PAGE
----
The eternal sunshine of the procrastinating mind

In theory.


I would have finished it earlier, but I wandered off to eat a sandwich and do some laundry that had been piling up for weeks, and then YouTube suddenly became very interesting, and then it was 3 a.m. and I had accomplished nothing.

But the struggle is what counts.

In my defense, I procrastinate only on really important things. I live by the John Perry-Robert Benchley theory of structured procrastination, which states that the most effective way of appearing to get a lot of things done is to always be procrastinating on one big project. “Anyone can do any amount of work,” said Benchley, “provided it is not the work that he is supposed to be doing at that moment.”

This has always worked for me. The trouble is that sometimes I need to finish an actually big project, and the only way of doing that is to commit myself to something even bigger. I am, for instance, working on a book. It has, comfortably, been the largest thing I have had to do for the whole year, and in consequence I have been able to write all kinds of other things. Plays. Screenplays. Graffiti. Unnecessarily thorough Yelp reviews. As the deadline crawls closer, I have been possessed by the creeping terror that in order to finish everything on time, I will have to agree to an even more gigantic commitment, by, say, adopting a small child. There is no other way.

Superheroes, you reflect, are always saving the day at the last minute. You never see the Avengers come to a building six hours before it gets set on fire to evacuate everyone in an orderly manner.

One of the most effective ways of procrastinating is convincing yourself that what you are doing is not procrastinating but working. “In order to be in a good mood to write,” I tell myself, “I have to have an iced coffee, and then I need to familiarize myself with Internet Culture, for work reasons and . . . reason reasons.”

Before the Internet, you had to put real work into procrastinating. Benchley had to subscribe to illustrated magazines so that he could look at pictures of Animals Doing Cute Things. But he still did it, because we procrastinators have our professional pride.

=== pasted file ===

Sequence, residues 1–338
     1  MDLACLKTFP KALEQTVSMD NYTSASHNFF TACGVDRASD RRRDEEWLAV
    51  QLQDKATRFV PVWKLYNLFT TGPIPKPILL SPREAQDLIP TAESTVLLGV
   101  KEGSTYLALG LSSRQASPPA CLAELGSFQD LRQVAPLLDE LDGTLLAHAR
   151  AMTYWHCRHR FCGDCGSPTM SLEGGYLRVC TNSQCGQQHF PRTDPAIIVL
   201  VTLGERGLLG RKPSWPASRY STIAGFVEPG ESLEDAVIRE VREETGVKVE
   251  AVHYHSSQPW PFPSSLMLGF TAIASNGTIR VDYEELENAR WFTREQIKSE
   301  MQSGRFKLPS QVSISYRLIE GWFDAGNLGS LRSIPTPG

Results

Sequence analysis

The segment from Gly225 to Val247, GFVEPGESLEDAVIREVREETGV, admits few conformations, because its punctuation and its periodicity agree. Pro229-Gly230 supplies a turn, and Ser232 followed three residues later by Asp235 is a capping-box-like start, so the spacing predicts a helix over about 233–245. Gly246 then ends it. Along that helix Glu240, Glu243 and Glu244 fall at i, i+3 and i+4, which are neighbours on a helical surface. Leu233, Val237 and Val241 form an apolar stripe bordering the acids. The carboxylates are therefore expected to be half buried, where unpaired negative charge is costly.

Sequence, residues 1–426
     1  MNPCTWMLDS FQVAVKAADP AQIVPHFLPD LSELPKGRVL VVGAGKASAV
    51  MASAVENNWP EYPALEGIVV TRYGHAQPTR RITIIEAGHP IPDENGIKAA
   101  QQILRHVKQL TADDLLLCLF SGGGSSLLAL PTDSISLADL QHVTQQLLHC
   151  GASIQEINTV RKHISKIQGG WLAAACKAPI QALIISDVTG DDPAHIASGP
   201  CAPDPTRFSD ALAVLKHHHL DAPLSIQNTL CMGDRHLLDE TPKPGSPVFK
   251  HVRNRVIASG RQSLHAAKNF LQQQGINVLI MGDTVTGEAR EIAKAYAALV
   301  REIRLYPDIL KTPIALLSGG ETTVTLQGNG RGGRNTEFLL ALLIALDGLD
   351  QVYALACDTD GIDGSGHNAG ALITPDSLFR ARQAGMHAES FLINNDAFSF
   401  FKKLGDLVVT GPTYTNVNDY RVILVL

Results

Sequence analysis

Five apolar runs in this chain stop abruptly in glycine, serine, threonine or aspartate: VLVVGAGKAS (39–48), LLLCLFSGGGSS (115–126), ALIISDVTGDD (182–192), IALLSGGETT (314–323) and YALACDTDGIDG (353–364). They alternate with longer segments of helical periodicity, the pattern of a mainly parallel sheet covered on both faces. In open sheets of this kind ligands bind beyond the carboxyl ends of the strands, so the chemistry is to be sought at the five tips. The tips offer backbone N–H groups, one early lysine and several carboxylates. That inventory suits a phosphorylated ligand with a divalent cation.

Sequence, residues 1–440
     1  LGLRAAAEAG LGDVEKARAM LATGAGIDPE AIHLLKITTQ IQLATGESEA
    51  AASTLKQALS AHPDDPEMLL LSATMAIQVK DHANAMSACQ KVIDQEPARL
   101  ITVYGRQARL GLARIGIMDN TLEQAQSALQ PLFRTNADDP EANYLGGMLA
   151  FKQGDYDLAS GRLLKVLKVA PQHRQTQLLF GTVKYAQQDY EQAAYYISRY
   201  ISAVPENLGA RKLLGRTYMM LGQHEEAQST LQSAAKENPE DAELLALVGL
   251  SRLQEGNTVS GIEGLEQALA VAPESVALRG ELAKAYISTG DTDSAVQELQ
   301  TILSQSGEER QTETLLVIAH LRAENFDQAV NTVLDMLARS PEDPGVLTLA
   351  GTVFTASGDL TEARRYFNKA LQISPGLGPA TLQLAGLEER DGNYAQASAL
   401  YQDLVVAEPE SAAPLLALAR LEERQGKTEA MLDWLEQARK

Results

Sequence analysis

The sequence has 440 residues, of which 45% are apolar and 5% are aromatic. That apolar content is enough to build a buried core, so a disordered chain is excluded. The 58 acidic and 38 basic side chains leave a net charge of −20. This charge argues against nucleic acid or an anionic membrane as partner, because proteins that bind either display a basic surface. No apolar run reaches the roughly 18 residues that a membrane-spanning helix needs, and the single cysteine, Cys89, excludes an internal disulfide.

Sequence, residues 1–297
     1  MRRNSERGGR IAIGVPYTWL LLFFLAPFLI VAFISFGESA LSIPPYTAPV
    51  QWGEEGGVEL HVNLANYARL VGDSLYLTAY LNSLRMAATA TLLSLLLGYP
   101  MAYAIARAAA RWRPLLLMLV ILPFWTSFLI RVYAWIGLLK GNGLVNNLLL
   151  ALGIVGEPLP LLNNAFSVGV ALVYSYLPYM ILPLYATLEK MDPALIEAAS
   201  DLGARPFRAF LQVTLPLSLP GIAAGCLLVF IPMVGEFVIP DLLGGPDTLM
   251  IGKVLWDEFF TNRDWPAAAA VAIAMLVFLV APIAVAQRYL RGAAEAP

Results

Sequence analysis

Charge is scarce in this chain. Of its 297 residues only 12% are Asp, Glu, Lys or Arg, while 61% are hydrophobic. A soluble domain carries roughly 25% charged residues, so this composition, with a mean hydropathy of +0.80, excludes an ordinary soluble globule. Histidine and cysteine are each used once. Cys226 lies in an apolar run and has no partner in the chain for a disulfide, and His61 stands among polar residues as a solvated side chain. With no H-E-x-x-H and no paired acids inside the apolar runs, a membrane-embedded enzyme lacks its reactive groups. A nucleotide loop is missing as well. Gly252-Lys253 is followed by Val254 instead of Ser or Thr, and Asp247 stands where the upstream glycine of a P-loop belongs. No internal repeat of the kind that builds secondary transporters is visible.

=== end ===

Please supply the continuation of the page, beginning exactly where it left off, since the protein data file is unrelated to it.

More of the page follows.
Being a procrastinator, like being late, is a sign of optimism. It is because you have confidence in your powers. “Most people would have to have started this project weeks ago to do it well,” you tell yourself. “But not me, because I am Captain America.” Superheroes, you reflect, are always saving the day at the last minute. You never see the Avengers come to a building six hours before it gets set on fire to evacuate everyone in an orderly manner. No, they always show up just when it’s almost too late. That’s what makes it impressive.

I know Sheryl Sandberg claims that “done is better than perfect.” But “perfect” sounds way better to me. And until something is done, you don’t know for sure that it won’t be perfect. It could be!

The later it becomes, the more optimistic you become. “Well, I have to write 2,000 words tonight,” you tell yourself. “But I used to do that often during college. It will be easy as pie.” (The one time you made a pie, it looked like a raspberry sinkhole and everyone shied away from it, but it seems like the sort of thing that would be easy to do.) “First,” you think, “to inspire myself, I will watch a few choice clips on YouTube of Things That Movies Did Not Do Correctly.”

Six hours pass.

I have been trying not to procrastinate by hunting, online, for lists of Ways to Stop Procrastinating. Most of these suggestions boiled down to: “So, you want to quit procrastinating? Here’s a suggestion! Try not putting things off until the last minute!” which is roughly the same as saying, “You want to not be late? Try showing up to things on time!”

There are websites for people like us. (Admittedly, a website that discourages you from procrastinating is like a T-shirt promoting nudism.) There is one called WriteOrDie that literally eats your words if you do not type fast enough. I prefer to eat my words in a more relaxed setting, like after someone on the Internet has yelled at me.

There are apps, too. “iWillNotProcrastinate,” but that’s for students. There’s End Procrastination Hypnosis, which boasts “Hypnosis is proven to be the most effective method to eliminate procrastination and get more done.”

“Do you avoid important tasks until the last possible minute? Are you a master of finding unimportant activities to do so you can delay doing the important ones? . . . By changing your subconscious thoughts, the End Procrastination Hypnosis app helps you easily get things done. After listening for just one to three weeks, you’ll begin to notice how liberating it is to complete important tasks quickly and easily.” One to three weeks? I don’t have that kind of time! I’m on a deadline!

Just to see what I was missing, I checked the reviews.

“Havnt listened to it yet” wrote MHx74. “I’ll get to it later.”

I hear you, my brother.